When we left off last time we had just discovered the first mention of the Grand Staircase in the La Grande Observer archives. In that article (September of 1928) what would become the staircase was simply referred to as “many steps”.
It left us wondering if the plans for the Grand Staircase were complete by then, or if the final design was still being formulated in John Bennes’ mind.
Articles for the rest of 1928 and early 1929 continue to report on the progress being made on the construction of what would later be named Inlow Hall (the first president of the school was H.E. Inlow). There were (understandably) concerns about concrete and cold weather and a question of whether or not the red tile roof would be on before Christmas. The granite for the entrances and buttresses arrived from Helena, Montana and steel beams for the auditorium were at the ready.
There was no mention of steps or stairs.
That is until March 11, 1929. In an article out of Portland, the Observer announced that the steps leading up to Eastern Oregon Normal’s main building would be “most imposing” and the stairway would quite likely be “the largest and most impressive” in the state of Oregon.
Then, in late April we find out just how many steps there would be (100) and a May 10th article provides the most detailed description yet…
“An impressive architectural feature of the Eastern Oregon Normal school campus is the wide concrete stairway leading to the north entrance of the building from the street below. This stairway is 150 feet in length and rises 42 feet with low, broad treads that provide an easy ascent. Construction is buff-colored concrete with cast stone trim to match the main building.”
And, a June 5th article goes on to say…
“These steps are the largest and most impressive in the entire state.”
Of course a staircase of this significance was not built in a day and when dedication ceremonies for Eastern Oregon Normal School were held June 5, 1929, the steps were not yet finished. It was anticipated that they would be before the opening of summer term on June 17 or the beginning of fall term (reports varied).
All available information we have does indicate that the Grand Staircase was indeed completed in 1929.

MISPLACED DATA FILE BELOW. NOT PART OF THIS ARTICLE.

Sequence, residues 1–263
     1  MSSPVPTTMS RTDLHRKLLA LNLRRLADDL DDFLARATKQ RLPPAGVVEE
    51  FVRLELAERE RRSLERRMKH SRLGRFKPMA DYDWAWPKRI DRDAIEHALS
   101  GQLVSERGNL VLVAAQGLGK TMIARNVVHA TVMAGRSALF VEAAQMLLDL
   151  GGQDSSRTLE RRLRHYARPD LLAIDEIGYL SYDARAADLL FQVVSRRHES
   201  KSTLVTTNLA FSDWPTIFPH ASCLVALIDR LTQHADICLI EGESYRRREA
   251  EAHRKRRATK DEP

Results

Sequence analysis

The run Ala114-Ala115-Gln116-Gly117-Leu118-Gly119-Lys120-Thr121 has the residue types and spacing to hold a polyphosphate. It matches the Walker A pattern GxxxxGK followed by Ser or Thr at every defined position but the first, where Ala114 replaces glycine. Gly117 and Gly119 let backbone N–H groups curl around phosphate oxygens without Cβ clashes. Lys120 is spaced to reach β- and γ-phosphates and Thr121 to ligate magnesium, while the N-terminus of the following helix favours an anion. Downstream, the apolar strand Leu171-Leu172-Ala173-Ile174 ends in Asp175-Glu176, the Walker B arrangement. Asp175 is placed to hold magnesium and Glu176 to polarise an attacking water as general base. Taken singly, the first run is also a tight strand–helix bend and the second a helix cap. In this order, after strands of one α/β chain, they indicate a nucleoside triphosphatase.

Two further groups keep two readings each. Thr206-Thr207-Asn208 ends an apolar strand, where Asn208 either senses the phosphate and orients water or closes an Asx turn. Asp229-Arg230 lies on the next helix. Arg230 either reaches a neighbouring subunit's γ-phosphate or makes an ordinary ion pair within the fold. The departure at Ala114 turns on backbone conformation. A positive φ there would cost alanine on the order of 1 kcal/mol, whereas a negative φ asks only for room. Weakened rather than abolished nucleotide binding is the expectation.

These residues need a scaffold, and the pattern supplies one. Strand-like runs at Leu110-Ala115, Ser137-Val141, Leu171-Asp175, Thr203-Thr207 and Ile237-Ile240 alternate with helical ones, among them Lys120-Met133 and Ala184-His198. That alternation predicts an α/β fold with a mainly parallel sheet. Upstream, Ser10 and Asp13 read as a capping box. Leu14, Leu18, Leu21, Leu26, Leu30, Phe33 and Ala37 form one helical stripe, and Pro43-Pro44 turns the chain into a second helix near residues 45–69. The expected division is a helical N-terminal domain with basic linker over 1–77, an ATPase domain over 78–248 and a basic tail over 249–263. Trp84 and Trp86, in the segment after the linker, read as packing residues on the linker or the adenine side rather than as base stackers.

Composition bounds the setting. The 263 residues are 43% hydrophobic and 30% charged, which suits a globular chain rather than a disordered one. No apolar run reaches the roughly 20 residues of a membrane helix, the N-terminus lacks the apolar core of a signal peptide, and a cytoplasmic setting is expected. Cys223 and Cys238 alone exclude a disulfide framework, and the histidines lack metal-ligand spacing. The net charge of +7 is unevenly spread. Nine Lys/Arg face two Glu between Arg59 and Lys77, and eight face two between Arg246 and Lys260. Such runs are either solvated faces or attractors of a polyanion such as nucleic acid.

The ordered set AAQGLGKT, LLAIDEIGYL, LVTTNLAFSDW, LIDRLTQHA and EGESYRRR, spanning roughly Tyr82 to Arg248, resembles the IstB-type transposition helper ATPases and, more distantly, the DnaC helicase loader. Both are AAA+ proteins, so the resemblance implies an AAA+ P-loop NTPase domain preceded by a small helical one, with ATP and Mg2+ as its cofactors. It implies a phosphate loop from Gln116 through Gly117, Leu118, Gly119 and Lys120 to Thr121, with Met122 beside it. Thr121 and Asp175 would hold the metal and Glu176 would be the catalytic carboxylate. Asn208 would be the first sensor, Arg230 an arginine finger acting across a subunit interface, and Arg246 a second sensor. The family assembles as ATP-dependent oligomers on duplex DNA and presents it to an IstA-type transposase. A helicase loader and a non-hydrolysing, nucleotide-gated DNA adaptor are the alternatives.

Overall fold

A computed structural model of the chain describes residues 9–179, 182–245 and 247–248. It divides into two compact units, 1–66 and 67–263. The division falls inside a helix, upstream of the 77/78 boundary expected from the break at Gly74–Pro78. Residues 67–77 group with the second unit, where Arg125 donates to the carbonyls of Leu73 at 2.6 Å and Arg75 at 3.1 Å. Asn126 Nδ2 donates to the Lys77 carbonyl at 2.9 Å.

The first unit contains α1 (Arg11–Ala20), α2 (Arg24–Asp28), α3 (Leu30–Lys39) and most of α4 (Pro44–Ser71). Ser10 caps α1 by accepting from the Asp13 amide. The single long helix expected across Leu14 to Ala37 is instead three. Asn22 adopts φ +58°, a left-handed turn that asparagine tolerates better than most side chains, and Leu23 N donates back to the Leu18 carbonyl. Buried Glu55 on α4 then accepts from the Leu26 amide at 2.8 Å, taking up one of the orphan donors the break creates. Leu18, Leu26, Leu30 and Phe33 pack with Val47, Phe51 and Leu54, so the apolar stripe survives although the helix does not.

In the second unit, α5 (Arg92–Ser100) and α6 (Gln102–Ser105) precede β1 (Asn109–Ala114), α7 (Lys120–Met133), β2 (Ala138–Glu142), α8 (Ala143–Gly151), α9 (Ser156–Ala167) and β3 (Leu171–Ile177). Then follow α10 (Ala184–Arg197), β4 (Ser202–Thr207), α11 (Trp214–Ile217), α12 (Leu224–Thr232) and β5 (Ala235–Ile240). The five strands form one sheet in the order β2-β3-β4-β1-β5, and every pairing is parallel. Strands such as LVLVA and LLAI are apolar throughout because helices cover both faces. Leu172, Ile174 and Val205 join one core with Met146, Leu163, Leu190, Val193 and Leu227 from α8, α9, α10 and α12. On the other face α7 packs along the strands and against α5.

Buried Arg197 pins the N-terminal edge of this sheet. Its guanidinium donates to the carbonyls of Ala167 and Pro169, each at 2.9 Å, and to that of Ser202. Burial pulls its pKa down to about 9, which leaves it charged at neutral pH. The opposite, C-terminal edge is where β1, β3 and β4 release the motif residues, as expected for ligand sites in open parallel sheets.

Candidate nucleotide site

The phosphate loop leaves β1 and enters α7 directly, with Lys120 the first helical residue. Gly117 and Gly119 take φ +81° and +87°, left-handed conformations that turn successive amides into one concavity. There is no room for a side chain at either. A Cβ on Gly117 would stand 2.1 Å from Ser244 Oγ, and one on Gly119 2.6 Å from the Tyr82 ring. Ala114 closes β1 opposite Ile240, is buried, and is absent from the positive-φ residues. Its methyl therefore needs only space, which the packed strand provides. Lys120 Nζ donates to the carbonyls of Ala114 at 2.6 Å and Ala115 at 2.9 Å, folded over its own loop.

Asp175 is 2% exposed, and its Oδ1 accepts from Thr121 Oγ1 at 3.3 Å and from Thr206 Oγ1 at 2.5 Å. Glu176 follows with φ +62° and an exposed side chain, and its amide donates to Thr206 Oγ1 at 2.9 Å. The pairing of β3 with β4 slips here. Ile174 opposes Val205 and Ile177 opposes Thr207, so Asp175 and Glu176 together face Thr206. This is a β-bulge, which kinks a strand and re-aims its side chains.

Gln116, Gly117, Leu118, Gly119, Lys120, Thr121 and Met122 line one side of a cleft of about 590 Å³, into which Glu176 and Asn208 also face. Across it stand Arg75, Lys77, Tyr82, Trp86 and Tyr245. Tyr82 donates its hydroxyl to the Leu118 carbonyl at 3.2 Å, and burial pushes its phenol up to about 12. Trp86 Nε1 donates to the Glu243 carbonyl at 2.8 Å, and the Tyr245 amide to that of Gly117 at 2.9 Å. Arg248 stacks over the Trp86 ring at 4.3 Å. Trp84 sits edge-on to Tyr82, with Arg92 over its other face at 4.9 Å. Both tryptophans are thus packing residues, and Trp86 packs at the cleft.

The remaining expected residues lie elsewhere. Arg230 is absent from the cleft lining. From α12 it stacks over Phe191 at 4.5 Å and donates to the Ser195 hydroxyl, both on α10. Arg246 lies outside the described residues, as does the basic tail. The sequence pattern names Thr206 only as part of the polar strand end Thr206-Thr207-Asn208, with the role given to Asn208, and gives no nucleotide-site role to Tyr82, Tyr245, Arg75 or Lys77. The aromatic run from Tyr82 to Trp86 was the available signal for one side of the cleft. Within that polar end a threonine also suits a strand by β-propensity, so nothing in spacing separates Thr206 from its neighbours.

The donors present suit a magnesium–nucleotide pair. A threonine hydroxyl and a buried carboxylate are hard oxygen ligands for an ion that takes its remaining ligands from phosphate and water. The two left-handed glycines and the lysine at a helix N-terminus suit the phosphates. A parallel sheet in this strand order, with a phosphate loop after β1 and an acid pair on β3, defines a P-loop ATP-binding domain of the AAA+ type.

1929 – Photo source – EOU Pierce Library
However, we perused old editions of the Observer through October 31, 1929 and did not find an article announcing the staircase’s completion.
That means one of three things…
- There had been so much coverage of the architectural details of the main building, the dedication ceremonies and laying of the cornerstone (by members of the Masonic Lodge), and the beginning of the first term that the eventual completion of the staircase was not especially newsworthy.
- After viewing microfilm for a number of hours we missed the article.
- Completion occurred sometime after the end of October.
It won’t be for a while, but we will go back to the archives again one day and hopefully find the missing article (if it’s there). If we do, you’ll all be the first to know!
So, did we answer our question? Was the Grand Staircase an “aha” moment? Results of our research: probably.
According to the National Historic Registry nomination for Inlow, the View Terrace, and the Grand Staircase, Bennes felt the dry climate of La Grande was similar to that of northern Italy and the location of the Eastern Oregon Normal School campus echoed the concept of a Renaissance palace on a hill and from that, we can assume, came the inspiration for the Grand Staircase.
The question remains – when did the inspiration/aha moment take place? And that we may never know.
Since it was almost a year and a half after the location was chosen before the first Observer article with even a hint about the steps was written and another six months before they were revealed to be as significant and impressive as they are, our guess is that the creative process that led up to the initial inspiration and to their final design may have taken a long time. Perhaps it was a matter of concept or of stability of the hill or of money. We’re just glad it happened.
For now we’ll leave you with our original theory that architect John Bennes sat straight up in bed one night and exclaimed loudly…
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If you have any questions or have Grand Staircase memories, stories, or photos you would like to share please contact us at email@example.com .